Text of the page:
It remains poorly understood why activation of type 1 TNF receptors (which are capable of initiating apoptosis) and increased mitochondrial oxidant release (which can damage cellular DNA and other vital components) (44) culminate in regeneration, rather than death, after PH. TNF a kills cultured adult hepatocytes only when protein synthesis has been inhibited, suggesting that these cells typically induce various protective mechanisms that block death signals that are initiated by TNF-TNF receptor 1 interaction (45). Apparently, activation of similar cytoprotective mechanisms occurs in regenerating hepatocytes and this is sufficient to prevent massive hepatocyte lethality after PH. In support of this concept, the activity of the anti-apoptotic transcription factor NF-kB increases in a TNF-dependent manner within 15 minutes after PH (42, 46). Pre-treatment of mice with adenoviral vectors for IKappaB prevents NF-kB activation and causes massive liver cell apoptosis after PH (47). Presumably, NF-kB induction protects hepatocytes by activating the transcription of a number of cytoprotective genes. To date, one of these, inducible nitric oxide synthase (iNOS), has been identified. Nitric oxide, the product of iNOS, inhibits TNF-dependent activation of caspases and is known to protect hepatocytes from TNF-mediated apoptosis (48-50). In normal mice, iNOS is induced in hepatocytes during the middle of the pre-replicative period following PH (51). Although iNOS-deficient mice do not have obviously abnormal livers before PH, PH induces massive liver cell apoptosis and liver failure, rather than hepatocyte proliferation, in these animals (52). Together with evidence that several other stress-activated genes, including manganese superoxide dismutase and bcl-xL, are induced during the pre-replicative period following PH (53), this finding suggests that regeneration succeeds when hepatocytes survive oxidative stress and escape apoptosis. This finding is particularly intriguing in light of evidence that hepatogenesis requires similar protection during embryonic development.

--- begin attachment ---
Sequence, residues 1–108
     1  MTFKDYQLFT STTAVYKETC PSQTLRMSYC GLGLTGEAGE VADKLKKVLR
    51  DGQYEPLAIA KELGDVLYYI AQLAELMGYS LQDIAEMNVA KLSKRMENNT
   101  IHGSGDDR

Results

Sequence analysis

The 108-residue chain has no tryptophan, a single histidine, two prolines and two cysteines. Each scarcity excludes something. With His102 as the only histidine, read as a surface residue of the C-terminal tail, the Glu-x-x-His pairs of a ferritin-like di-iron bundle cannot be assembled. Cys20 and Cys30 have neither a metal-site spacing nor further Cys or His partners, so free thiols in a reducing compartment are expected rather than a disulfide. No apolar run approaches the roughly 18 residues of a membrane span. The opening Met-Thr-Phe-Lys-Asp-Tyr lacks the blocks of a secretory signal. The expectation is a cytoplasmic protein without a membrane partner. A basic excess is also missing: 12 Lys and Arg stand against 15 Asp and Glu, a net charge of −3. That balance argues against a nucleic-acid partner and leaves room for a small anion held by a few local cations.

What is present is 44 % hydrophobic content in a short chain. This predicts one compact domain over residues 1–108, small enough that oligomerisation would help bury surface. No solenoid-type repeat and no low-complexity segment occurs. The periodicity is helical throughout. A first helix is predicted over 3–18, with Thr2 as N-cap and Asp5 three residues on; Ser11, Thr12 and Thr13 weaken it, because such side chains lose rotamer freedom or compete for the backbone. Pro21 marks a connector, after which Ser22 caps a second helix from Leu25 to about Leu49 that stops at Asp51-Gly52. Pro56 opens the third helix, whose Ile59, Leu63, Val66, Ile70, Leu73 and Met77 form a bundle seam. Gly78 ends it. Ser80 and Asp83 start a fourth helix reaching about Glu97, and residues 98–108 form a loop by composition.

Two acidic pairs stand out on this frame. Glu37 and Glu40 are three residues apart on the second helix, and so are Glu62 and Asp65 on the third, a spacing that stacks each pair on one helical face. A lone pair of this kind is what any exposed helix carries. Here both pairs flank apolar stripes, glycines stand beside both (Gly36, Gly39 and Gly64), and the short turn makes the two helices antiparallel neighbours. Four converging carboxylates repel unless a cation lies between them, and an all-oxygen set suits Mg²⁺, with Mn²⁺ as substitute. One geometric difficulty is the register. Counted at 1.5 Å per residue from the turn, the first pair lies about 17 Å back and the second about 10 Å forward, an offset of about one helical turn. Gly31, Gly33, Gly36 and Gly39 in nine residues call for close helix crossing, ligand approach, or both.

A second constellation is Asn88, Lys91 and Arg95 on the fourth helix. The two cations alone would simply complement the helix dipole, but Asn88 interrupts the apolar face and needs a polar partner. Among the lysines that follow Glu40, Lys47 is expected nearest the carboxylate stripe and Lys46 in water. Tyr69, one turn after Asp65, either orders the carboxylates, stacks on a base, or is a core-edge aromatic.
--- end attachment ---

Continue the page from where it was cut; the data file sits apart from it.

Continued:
5.1.3 Preservation of Differentated Functions

As hepatocytes enter G-1 in response to TNF and TNF-regulated cytokines, such as interleukin-6 (IL-6), that are induced by PH (41), hepatocyte gene expression is re-programmed to meet the unique demands imposed by the stress of liver injury. In addition to up-regulating genes that protect hepatocytes themselves from oxidants and apoptosis, hepatocytes modify their expression of other genes that are involved in the generalized acute phase response (54-56). This occurs because TNF and TNF-inducible cytokines regulate transcription factors, such as CCAAT/enhancer binding protein (C/EBP) isoforms, that modulate the expression of many liver-specific genes (57-62). These C/EBP isoforms also regulate cell proliferation. C/EBP a, a growth arrest gene (63, 64), is constitutively expressed in mature hepatocytes (65). TNF inhibits C/EBP a (66). C/EBP b (also known as liver activating protein (LAP) or nuclear factor IL-6 (NF-IL-6)), a growth-permissive C/EBP isoform, is weakly expressed by hepatocytes in the healthy liver but is one of the major transcription factors that regulate acute-phase gene expression by hepatocytes during inflammation (67). C/EBP b is induced by IL-6. During inflammation, a third C/EBP isoform, C/EBP delta, is also induced in hepatocytes (59).

5.1.4. Release from Replicative Quiescence